While Mortlach has become famous again in recent years for its Single Malt Whiskies, the distillery has also produced Whisky used in several blended Scotches, including serving as the primary Whisky used in many Johnnie Walker blended Whiskies. Mortlach’s connection with Johnnie Walker dates back to 1923 when John Walker & Sons purchased the distillery. John Walker & Sons is one of many companies that eventually became Diageo, the British-based multinational company which launched the Mortlach range in 2014. Along with Mortlach, Diageo owns many other distilleries, including Dalwhinnie, Lagavulin, and Oban.
No other distillery in Scotland or, in fact, around the world has a distillation process which is so complex
“Mortlach is perfect for Whisky blenders as it adds backbone, body, and character to Whiskies, with its muscular flavor that intensifies Whisky blends demonstrating that no other spirit offers the same breadth and depth of flavors as Scotch, and certainly no other liquid is as versatile and has always been a key malt for use in the Johnnie Walker blended Scotches,” Colville said.
And while Mortlach sells well around the world, it’s especially popular in the United States, Europe, and parts of Asia, Colville said. “Due to how well known and loved it is as a Single Malt Scotch Whisky you tend to find the true adorers of Mortlach in the countries where Single Malts are really established such as the U.S., Northern Europe, the UK, and Taiwan and Japan,” Colville said.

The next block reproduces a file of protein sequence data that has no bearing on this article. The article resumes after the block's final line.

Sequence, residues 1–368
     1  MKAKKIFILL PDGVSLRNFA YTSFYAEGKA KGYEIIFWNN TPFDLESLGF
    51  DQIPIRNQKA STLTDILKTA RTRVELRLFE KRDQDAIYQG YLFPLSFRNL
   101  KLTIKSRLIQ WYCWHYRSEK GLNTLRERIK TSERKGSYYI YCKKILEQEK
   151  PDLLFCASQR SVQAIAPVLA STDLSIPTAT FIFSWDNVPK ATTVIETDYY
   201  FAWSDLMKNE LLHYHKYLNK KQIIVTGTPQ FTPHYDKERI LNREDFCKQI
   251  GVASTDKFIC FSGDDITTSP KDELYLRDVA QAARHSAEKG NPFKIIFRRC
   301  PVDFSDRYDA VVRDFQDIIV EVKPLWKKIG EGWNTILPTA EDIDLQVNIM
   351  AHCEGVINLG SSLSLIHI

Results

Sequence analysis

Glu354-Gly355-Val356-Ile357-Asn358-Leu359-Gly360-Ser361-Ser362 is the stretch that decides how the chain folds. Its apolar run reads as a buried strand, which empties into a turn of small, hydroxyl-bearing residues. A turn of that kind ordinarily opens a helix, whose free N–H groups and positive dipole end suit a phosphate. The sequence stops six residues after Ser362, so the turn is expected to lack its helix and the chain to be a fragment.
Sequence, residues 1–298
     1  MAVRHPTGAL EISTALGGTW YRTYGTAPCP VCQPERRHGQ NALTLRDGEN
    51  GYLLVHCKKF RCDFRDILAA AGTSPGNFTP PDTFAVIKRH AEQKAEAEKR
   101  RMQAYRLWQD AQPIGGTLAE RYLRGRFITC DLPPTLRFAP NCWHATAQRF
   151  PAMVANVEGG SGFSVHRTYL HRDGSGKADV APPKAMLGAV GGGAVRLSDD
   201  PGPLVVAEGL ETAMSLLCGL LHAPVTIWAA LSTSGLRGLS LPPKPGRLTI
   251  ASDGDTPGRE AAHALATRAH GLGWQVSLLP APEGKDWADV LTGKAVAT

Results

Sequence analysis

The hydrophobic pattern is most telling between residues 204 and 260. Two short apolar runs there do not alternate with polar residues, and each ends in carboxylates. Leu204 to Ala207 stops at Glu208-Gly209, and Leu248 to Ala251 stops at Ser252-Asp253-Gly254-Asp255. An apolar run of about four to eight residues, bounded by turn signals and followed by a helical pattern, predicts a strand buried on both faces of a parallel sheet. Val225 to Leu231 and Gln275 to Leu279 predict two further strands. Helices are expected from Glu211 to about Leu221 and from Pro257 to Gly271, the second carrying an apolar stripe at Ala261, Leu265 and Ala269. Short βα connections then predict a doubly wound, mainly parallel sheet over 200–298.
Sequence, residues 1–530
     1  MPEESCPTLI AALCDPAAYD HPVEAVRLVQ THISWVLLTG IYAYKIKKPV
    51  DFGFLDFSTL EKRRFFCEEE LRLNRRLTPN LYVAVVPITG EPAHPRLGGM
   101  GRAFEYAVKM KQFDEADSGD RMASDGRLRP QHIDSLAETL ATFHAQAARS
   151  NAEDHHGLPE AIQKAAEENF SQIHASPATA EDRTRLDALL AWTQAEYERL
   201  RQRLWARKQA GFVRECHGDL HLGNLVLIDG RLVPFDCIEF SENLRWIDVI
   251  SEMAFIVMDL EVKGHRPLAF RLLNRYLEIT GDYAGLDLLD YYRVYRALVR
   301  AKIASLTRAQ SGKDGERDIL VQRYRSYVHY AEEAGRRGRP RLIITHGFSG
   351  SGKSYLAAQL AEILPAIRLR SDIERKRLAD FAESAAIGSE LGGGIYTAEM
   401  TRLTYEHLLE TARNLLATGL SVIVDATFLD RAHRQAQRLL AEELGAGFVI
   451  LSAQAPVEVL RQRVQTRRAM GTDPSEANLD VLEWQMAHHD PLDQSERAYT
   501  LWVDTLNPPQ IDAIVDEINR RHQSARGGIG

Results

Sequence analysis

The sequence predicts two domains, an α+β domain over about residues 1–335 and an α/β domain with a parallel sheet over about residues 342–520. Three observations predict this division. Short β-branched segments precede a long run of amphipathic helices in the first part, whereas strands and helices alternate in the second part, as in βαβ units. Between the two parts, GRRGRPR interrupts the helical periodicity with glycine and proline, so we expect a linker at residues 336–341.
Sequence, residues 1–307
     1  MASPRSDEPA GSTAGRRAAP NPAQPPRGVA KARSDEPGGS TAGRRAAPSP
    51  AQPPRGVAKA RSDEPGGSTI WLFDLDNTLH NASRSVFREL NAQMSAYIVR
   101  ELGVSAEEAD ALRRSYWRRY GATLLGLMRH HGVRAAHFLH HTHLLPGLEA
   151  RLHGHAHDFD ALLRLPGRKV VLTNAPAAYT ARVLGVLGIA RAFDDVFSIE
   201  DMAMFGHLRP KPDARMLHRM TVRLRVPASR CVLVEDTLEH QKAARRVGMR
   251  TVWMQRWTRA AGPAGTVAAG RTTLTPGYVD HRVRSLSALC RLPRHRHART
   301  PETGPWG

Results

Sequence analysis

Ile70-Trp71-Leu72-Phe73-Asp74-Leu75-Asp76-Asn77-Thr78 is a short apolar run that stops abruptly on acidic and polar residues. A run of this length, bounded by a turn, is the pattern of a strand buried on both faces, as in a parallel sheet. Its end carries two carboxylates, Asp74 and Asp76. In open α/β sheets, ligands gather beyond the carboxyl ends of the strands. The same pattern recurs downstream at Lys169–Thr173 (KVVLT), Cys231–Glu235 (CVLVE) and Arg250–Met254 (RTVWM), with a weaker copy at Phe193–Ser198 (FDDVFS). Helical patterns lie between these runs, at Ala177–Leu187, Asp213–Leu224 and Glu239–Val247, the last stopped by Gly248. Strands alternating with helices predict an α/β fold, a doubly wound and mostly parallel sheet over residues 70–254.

Colville added that Mortlach pairs well with a wide range of foods, from grilled steaks to many different desserts. “Due to the rich intensity and complex flavors of Mortlach, it pairs beautifully with dark chocolate either in its most basic form or as a dessert like a soufflé,” Colville said. “For a more savory match, red meats such as venison or good-quality beef steaks are also an incredible combination.”
“Mortlach for me personifies why Scotch is the world’s favorite Whisky,” Colville said. “The incredible depth of flavor offered by Mortlach makes it an incredibly versatile Scotch, whether it be served neat in its purest form or in a late night Old Fashioned or pre-dinner Rob Roy.”
Mortlach Rare Old
Alcohol by Volume – 43.4 percent
Aging – Unknown aged in sherry and bourbon casks.
Aroma – Dried flowers, hay, other floral notes.
Tasting Notes – Mortlach’s signature Whisky has a clear, bright color and a clean, refreshing taste. This smooth, complex Whisky also clearly illustrates why Mortlach is famous for its floral-tasting Whiskies. Slightly spicy at first, this Whisky’s flavors soon exhibit notes of licorice and roasted vanilla, along with a tangy, citrus-like aftertaste. A truly outstanding Whisky and a great value.
Mortlach 18 Year Old